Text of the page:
How to Talk to Older Adults About Exercise
Some people are active in retirement, eager to check off all the items on their bucket lists. Others look forward to finally getting a chance to rest. In either case, many older people experience pain, mobility issues or chronic health problems that cause fatigue or shortness of breath, such as heart and lung diseases, making physical activity more difficult than it once was.
One of the most important reasons to encourage your loved one to exercise is to reduce their chances of osteoporosis (brittle bones). Osteoporosis is a major risk factor for hip, spine and forearm fractures, which can lead to mobility loss. Some research estimates that 1 in 3 women and 1 in 5 men will sustain an osteoporotic fracture after age 50.
Studies show that older people who exercise for an hour or more two to three times per week, including strength training, are most likely to improve bone density. Regular exercise also helps maintain muscle mass and preserve balance, which can help prevent falls. Here are some ways to start a conversation about exercise with your aging parent or loved one:
- "I read that more than 40% of people over age 50 have low bone mass, and it made me think about my bone health — and yours too. Have you ever had a DEXA scan? It's a special X-ray that checks your bone density."
- "I'm going to start using weights during commercial breaks while I watch TV to keep my bones healthy. Do you want me to pick some up for you, too?"
- "I saw that there's a senior exercise class near you, and it looks great. You can even take virtual classes right here at home if you prefer. Can I help you get that set up?"
How to Talk to Older Adults About Nutrition
Eating well can be increasingly difficult as you age. Older adults who live alone may feel that shopping, cooking and cleaning up the kitchen is just too much effort for one person. Others may lose the ability to drive, making grocery shopping inconvenient. Some older adults may also have dental or digestive issues, which can make eating balanced, nutritious meals challenging.
Preventing malnutrition in older adults is key to supporting their overall health and well-being. Older people are particularly at risk for inadequate protein intake, which can contribute to low muscle mass, known as sarcopenia. Adding an oral nutritional supplement like Ensure® COMPLETE with complete, balanced nutrition, 30 grams of high-quality protein, and 25 essential vitamins and minerals can help address nutrition gaps. Here are some ways to get the conversation started:
- "I noticed you haven't been eating as much lately. I'm wondering if your appetite has changed."
- "I want to make food shopping as easy as possible for you. Would grocery or meal delivery services take some of the stress out of that chore?"
- "I know there are times when you just don't feel like cooking. What do you think about keeping some Ensure® on hand for when you want something quick and easy?"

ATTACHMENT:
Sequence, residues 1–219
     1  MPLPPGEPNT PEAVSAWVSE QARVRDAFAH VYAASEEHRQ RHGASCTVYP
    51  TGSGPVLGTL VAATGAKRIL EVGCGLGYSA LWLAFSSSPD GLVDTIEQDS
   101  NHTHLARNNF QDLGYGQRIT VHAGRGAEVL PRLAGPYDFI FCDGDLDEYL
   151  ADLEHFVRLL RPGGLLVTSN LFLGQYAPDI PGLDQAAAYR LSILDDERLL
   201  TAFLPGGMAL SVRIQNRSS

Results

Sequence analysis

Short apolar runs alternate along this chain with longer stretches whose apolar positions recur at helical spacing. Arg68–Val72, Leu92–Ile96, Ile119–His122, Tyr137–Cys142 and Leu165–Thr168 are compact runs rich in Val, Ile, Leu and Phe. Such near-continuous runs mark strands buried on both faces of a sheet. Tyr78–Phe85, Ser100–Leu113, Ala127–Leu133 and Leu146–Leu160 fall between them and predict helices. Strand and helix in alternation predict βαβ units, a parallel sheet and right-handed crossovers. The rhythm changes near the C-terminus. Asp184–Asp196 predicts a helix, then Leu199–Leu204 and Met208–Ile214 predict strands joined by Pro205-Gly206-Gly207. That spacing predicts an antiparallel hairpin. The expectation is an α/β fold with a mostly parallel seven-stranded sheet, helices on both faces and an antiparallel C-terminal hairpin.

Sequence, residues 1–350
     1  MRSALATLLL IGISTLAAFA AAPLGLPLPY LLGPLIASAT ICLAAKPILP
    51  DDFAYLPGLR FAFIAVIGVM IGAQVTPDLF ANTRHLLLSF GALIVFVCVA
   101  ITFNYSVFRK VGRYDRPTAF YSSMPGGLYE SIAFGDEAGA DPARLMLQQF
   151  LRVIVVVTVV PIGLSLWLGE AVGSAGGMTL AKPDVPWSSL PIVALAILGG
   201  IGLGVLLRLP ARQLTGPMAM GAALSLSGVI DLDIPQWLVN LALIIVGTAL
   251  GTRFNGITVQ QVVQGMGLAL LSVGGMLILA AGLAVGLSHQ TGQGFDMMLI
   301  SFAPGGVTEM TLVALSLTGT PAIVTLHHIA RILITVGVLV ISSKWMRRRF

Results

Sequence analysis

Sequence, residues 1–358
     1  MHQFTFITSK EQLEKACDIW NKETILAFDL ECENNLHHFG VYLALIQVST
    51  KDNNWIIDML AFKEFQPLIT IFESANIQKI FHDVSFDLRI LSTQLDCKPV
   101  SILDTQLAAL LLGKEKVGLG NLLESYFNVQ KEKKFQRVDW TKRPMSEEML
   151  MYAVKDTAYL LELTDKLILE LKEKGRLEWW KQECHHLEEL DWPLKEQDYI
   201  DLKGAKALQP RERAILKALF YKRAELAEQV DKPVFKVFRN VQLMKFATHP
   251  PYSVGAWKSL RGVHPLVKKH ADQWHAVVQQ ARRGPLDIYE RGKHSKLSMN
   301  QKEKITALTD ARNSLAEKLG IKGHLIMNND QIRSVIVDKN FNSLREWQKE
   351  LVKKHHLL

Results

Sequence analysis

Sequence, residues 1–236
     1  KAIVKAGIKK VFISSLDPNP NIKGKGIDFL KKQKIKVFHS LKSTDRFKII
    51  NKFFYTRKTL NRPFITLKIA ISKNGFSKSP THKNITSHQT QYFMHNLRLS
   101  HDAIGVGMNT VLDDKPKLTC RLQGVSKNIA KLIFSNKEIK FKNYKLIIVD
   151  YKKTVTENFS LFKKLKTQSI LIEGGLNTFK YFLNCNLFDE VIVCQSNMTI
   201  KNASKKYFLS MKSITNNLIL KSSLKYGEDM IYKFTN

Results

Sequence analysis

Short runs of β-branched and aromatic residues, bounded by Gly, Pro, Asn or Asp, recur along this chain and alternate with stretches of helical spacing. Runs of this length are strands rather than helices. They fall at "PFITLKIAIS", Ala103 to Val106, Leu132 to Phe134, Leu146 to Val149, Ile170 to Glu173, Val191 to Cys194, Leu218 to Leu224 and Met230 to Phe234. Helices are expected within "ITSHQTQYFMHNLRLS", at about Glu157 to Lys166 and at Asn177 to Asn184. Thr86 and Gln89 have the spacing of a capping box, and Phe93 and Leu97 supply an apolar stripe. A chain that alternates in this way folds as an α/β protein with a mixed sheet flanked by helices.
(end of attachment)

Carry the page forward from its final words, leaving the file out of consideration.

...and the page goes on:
How to Talk to Older Adults About Social and Emotional Wellness
Older people experience repeated loss through the death of family, friends and possibly a spouse or significant other. These repeated losses, often combined with reduced mobility and relocation, can contribute to or exacerbate loneliness. Loneliness can be thought of in two ways: social and emotional. Social loneliness is the lack of a social network, whereas emotional loneliness refers to the absence of a particular person as well as feelings of isolation.
In one study, emotional loneliness was linked to higher rates of heart disease and death among older people living alone. It can help to think of emotional loneliness as the feeling of being alone in a crowded room, disconnected from those around you. Depending on your relationship with your parent or loved one, this may be the hardest topic to surface. Here are some conversation starters that might help:
- "I know it's probably been hard for you since you moved. I'm wondering if you feel a little isolated in your new location."
- "I was thinking about how many loved ones you've lost this year. I can't imagine what that must feel like. Do you want to talk about it?"
- "I know I've been really busy, but I'd like to spend more time with you. What are some activities you'd like to do together?"
When considering how to talk to aging parents about their future, the most important thing to remember is that they deserve their independence, even if they need a little help now and then. You can offer suggestions, but you can't force anyone to change their behavior until they're ready. Leading by example and encouraging your loved one to join you in healthy activities may be the best way to get them to adopt new behaviors that will help them thrive.